Isn’t it adorable when Fluffy chases her tail like a deranged nut on the living room carpet? The answer is yes, but as adorable as it is, it’s also kind of sad. But dogs engaged in this futile repetitive behavior probably don’t have much of a choice. New research in the journal PLoS One links dog tail-chasing with some of the same genetic and environmental factors that drive human obsessive compulsive disorders.
To investigate this universal pet occurrence, the study authors began by asking what causes some dogs to obsessively tail chase while others can sit for hours, composed and docile. They gave nearly 400 Finnish dog owners a questionnaire that asked about stereotypic behaviors noticed in their pet, aspects of their dog’s puppyhood and Fido’s daily routines. They took blood samples of each dog and evaluated the pooch’s personalities based on the answers the owners provided.
They found a few similarities between the tail-chasers that, uncannily enough, also somewhat corresponded with symptoms of many human sufferers of OCD. These traits included an early onset of recurrent compulsive behaviors and an increased risk for developing things like compulsions, acting timidly, a fear of loud noises, sometimes compulsively freezing. Also like humans, dog compulsions can manifest in different ways or in a combination of behaviors. Some dogs engage in repetitive behaviors like chasing lights or shadows, for example, or biting and licking their body repeatedly.
Most of the dogs, the authors found, started chasing their tails between the age of 3 to 6 months, or before reaching sexual maturity. The severity of the symptoms varied; some dogs chased their tail for several hours on a daily basis, while others only partook a few times a month.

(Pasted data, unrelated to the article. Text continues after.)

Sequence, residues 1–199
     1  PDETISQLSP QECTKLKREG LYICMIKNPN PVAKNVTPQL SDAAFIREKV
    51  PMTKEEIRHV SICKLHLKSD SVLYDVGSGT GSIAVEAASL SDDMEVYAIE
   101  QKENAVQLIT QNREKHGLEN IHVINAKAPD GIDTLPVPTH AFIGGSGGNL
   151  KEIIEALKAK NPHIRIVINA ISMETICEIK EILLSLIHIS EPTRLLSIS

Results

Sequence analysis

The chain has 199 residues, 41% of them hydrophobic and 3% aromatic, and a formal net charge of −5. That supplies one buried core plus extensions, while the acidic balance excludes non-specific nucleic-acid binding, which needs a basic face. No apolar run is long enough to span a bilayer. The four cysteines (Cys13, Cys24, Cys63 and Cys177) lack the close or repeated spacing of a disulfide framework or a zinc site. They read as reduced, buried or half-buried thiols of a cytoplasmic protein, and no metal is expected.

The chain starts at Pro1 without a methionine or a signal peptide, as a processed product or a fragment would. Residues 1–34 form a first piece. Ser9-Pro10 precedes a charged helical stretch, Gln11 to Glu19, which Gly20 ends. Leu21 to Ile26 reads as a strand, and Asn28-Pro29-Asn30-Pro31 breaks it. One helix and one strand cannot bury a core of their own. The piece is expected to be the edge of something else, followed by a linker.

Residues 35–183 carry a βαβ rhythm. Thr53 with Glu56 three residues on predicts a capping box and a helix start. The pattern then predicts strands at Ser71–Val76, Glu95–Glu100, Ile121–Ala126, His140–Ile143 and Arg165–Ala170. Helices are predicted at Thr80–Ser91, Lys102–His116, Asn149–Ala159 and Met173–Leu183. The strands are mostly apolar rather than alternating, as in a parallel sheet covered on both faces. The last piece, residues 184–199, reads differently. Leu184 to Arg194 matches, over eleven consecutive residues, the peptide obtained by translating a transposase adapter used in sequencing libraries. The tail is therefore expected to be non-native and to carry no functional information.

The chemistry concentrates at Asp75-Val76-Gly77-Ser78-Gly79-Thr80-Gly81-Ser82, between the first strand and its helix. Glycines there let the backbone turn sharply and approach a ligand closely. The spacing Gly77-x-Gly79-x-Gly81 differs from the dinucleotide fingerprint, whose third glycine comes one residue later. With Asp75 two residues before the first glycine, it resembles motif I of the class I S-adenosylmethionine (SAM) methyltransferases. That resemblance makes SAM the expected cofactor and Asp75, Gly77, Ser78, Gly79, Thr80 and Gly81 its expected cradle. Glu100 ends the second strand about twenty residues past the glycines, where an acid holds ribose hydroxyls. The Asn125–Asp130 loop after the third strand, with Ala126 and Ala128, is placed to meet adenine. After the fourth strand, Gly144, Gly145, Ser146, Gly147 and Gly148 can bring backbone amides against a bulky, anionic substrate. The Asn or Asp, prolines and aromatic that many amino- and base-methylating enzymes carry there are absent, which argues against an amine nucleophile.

The researchers discovered that the dogs that never chased their tails or those that chased their tails less tended to receive extra vitamin and mineral supplements in their food. Though they haven’t established a direct cause-effect link, the researchers plan to follow up on this initial finding to more deeply explore the relationship between nutrition and tail chasing.
Early separation from the mother also tended to predispose dogs to tail chasing, as did mother dogs who took poor care of their puppies.
Surprisingly, the amount of exercise didn’t seem to have anything to do with how often dogs chased their own tails, the researchers found, which might come as comforting news to some owners who blame too few walks or not enough play time on their dog’s behavior.
Anecdotal links between some of these traits and certain dog breeds suggests that genetics may also play a role alongside environmental factors. German Shepherds and Bull Terriers, for example, most commonly chase their own tails. The researchers next aim to pinpoint the gene regions connected to tail chasing.
Thanks to the seemingly apparent relationship between genes and environment that creates the perfect storm for an onslaught of compulsive tail chasing, the researchers think that dogs might serve as good animal models for studying the genetic background of OCD in humans.
“Stereotypic behavior occurs in dogs spontaneously; they share the same environment with humans, and as large animals are physiologically close to humans. Furthermore, their strict breed structure aids the identification of genes,” the researchers point out in a press release.
More from Smithsonian.com: